11B.5 A Comparison of Model and Observed Turbulent Kinetc Energy Within Coastal Barrier Jets Forced by Landfall Cyclones

Wednesday, 26 January 2011: 5:00 PM
615-617 (Washington State Convention Center)
Joseph B. Olson, CIRES/Univ. of Colorado, Boulder, CO; and J. M. Brown

The Rapid Refresh (RR) is a 1-h data assimilation system at 13-km grid spacing, which provides mesoscale guidance for short-range forecasts. Among the many significant weather phenomena, the RUC is relied upon for the prediction of turbulence and high speed wind events by the marine and aviation industries. The Rapid Refresh (RR) forecast model component uses a version of the Advanced Research Weather Research and Forecast (WRF-ARW) model. The implementation of a High Resolution Rapid Refresh (HRRR) version of the WRF-ARW for the Alaska Region with 3-km grid spacing is currently being explored. As part of the development and testing of the RR/HRRR, new planetary boundary layer (PBL) schemes are being developed and compared to current operational schemes. This work focuses on WRF-ARW performance in simulating low-level coastal jets with moderate turbulence, which can have practical importance to offshore wind energy applications.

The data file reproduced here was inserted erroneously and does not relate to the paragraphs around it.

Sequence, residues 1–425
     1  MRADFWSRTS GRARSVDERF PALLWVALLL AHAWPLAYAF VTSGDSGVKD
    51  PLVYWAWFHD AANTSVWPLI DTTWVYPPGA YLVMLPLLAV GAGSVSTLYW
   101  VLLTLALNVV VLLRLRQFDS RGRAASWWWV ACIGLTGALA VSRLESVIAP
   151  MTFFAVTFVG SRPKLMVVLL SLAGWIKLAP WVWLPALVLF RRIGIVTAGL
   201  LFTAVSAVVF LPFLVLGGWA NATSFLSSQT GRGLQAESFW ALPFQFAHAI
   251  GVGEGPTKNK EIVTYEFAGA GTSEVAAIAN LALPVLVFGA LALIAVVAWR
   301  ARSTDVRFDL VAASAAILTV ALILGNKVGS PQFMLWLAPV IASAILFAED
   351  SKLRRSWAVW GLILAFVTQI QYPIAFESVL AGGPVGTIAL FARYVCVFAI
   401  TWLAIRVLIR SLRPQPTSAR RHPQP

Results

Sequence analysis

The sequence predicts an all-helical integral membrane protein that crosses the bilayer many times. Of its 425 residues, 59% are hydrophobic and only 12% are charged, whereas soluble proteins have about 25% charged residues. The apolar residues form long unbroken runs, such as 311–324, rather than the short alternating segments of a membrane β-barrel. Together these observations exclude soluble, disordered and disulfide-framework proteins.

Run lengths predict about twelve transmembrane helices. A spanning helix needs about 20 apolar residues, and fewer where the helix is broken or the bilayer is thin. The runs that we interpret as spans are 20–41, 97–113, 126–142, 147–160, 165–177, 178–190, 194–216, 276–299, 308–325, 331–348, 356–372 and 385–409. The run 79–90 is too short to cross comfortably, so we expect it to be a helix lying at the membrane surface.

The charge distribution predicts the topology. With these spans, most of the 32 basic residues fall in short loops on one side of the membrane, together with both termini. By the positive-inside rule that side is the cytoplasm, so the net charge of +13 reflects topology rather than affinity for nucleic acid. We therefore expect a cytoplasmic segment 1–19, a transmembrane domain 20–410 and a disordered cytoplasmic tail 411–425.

This study evaluates the performance of the WRF-ARW and investigates the model errors along the complex coastal orography of Alaska, with focus on the spatial and temporal structure of a coastal barrier jet and the turbulent kinetic energy (TKE) within the jet. High-resolution model simulations (near-LES scale) are compared with HRRR-like (3-km) grid spacing, as well as measurements by the Wyoming King-air research aircraft during the Southeastern Alaskan Regional Jets (SARJET) field experiment. Large-eddy mixing from Kelvin-Helmholtz waves in the high-resolution simulations are compared to the parameterized mixing in the 1-dimensions PBL schemes. Also, the advection of TKE within the WRF-ARW is implemented and compared to the default (non-TKE advection) configuration.

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